Cybercriminals manipulate emotions and social intelligence to exploit internet users. How do you defend against that?
They befriend you before they exploit you. Social engineering is a kind of cyber attack that many people do not see coming. Even those who are competent when it comes to technology cannot always foresee these unsuspecting pitfalls. These kind of attacks are quite different from the malware and bugs used to exploit computer systems. The art of social engineering focuses on taking advantage of the weaknesses of being human. Dealing with such trickery is no easy task.
In order to successfully defend against social engineering, it is important to look at the statistics. According to a survey by Social-Engineer.com, 90% of all email is either spam or littered with malicious software. That is an immense number considering how much email is sent on a yearly, or even on a daily, basis. The survey claims that 294 billion emails are sent daily, with 107 trillion being sent every year. Many of these emails are the innocent-looking phishing emails targeting billions of internet users on a frequent basis. With such mass distribution, cybercriminals can still expect lucrative results, even if only a few thousand click on the links or open the attachments included in the messages.
The same survey also found that the average age of the those victimised by impersonations on the web to be just over 40 years old. This is almost expected. Typically, older internet users, who may not always be as used to technology as that of the younger generation, can often be particularly susceptible to the schemes utilised by social engineers. However, this does not mean minors are exempt; equally younger users, with their general naivety and curiosity, can also fall for the traps.
For cybercriminals, the attacking surface is very broad. This is for the most part, down to inexperienced, careless or gullible individuals of whom make it very easy for hackers to infiltrate systems, steal and manipulate sensitive data and commit other malicious acts. All it takes is one employee to click on an infected link, or one public sector worker to give away precious confidential to a fraudulent website. Therefore, it is critical that businesses, governments and anyone who is online to take the actions necessary to implement a universally robust approach to security. Unlike malware, using anti-virus programs or firewalls, or even updating operating systems to the latest versions, cannot be relied on to completely defend against cybercriminals manipulating emotions and social intelligence to get what they want. Other steps need to be taken if the damaging consequences of phishing, baiting or other means are to be avoided.
One of those steps may include more stringent procedures and protocols for employees to use and follow. For example, if an employee receives an email containing numerous links or attachments, the first action should perhaps not be to click or open them. Clarifying that the sender did intend to send that email and that the attachments and links included are legitimate can prevent the majority of security breaches via social engineering schemes. Using a separate line of communication, confirming that the email and its contents are safe may be a tedious but necessary precaution. Also, checking the address of the sender could also be telling, as this can also be an indication of whether the email is harmless or harmful. Such strict and exacting processes may not seem ideal initially, but in the long run, it has the potential to help businesses avoid huge losses. Training and educating employees about social engineering hacks and the potential dangers on the internet will be critical for businesses to survive in with the existence of a pernicious cyber environment.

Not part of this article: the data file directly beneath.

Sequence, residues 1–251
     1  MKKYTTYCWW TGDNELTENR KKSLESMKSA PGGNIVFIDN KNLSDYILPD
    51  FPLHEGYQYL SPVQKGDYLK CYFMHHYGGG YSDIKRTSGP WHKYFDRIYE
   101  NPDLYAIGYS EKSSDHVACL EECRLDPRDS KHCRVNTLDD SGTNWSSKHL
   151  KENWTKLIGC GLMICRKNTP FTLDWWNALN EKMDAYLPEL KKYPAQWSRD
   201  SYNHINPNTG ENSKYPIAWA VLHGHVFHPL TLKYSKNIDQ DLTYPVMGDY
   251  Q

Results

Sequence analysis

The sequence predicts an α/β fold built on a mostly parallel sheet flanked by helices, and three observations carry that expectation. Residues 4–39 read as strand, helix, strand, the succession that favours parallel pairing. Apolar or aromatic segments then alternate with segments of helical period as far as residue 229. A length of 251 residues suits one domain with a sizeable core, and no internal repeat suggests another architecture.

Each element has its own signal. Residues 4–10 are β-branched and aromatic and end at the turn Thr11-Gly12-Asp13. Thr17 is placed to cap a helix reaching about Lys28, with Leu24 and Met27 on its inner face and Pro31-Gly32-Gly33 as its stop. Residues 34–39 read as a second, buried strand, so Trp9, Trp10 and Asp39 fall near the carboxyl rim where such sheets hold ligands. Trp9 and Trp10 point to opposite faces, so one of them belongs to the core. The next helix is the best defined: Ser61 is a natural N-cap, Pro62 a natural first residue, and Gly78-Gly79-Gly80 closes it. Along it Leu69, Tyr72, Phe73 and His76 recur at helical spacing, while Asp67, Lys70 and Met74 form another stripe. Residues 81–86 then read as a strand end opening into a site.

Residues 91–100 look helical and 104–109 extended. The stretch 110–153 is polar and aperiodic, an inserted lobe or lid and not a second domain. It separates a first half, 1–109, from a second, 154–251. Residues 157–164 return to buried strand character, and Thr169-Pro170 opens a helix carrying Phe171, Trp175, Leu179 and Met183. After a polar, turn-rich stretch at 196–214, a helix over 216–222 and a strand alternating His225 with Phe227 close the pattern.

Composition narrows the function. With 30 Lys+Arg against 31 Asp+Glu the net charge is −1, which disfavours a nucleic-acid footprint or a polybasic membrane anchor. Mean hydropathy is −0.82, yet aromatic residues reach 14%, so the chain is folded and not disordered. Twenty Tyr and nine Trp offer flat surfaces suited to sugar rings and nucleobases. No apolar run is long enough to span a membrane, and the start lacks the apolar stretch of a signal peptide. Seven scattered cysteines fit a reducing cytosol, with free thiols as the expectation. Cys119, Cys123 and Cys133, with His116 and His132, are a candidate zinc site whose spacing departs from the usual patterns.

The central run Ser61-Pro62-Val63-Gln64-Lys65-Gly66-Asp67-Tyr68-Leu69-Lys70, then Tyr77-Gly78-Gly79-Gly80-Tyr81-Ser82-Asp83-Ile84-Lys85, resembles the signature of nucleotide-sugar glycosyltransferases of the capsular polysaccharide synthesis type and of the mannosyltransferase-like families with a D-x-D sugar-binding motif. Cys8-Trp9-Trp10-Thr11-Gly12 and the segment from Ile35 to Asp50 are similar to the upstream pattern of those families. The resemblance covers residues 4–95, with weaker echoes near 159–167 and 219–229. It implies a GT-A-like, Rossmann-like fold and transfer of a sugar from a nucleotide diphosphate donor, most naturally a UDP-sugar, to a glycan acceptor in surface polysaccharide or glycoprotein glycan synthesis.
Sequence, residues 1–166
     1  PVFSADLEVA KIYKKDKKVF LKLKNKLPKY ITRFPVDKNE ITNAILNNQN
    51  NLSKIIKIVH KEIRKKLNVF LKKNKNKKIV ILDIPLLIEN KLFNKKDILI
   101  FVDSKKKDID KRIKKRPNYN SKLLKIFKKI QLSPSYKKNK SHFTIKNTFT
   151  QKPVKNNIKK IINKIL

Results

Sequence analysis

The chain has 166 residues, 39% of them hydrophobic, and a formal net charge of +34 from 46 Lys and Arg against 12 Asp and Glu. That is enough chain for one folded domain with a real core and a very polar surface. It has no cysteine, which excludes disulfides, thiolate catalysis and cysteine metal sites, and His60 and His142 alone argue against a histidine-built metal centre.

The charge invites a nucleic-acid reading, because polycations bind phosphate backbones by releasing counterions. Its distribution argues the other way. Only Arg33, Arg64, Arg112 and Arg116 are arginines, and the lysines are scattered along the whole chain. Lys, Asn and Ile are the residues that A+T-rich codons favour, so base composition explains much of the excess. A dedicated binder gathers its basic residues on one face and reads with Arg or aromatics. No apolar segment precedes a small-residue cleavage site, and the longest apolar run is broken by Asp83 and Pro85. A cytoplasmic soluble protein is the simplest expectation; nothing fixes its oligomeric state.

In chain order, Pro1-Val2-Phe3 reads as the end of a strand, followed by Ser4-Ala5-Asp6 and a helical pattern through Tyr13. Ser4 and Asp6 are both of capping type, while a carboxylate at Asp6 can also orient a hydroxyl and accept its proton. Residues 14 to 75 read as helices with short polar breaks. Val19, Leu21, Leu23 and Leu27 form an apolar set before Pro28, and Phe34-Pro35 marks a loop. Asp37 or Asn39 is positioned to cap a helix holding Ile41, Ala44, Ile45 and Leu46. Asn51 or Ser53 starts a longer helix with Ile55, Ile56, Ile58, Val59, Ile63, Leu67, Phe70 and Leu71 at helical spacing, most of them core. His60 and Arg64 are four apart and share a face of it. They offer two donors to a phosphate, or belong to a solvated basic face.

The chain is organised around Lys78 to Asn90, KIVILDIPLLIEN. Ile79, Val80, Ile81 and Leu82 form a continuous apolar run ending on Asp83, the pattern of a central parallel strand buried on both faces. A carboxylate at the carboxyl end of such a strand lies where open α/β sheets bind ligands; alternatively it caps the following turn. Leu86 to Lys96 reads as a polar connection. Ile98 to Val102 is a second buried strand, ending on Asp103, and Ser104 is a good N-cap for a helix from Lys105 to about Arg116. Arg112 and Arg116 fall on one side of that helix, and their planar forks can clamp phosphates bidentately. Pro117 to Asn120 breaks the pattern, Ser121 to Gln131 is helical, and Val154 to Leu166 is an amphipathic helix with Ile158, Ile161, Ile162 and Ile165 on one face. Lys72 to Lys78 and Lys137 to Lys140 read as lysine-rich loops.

For individual internet users, having a disciplined approach to using the internet and using technology, in general, can make a difference. Being careful about submitting confidential information, whether that be over the phone, online or in person. It’s critical to confirm the identity of the person asking for specific information, and in addition being aware of the proper procedures used for such tasks. IT departments and financial institutions, for example, will almost never ask to give passwords or other confidential information over the phone or even by email. This helps to make the trickery of social engineering easier to spot earlier on.
Overall, internet users of all types should embrace a security-aware culture. In particular, those who engage with the inline world and technology on a frequent basis need to be extra careful about what information they submit and equally what websites they visit and links they click on. Everything they come across should be assessed closely and cautiously. Only when there is absolute assurance that the content being accessed is genuine and safe can one pursue with their internet activities. It may not be particularly convenient to have to take such precautions whenever using the technologies, especially when people have for so long been used to using them without great consideration of their safety or security, but they are necessary. Nothing online can be taken for granted anymore. Education and communications are perhaps the best ways to avoid social engineering attacks. Despite all that could be done, however, humans are perfectly prone to make misjudgements, and thus, by taking advantage of such realities, exploiting this weakness will always be difficult to defend against.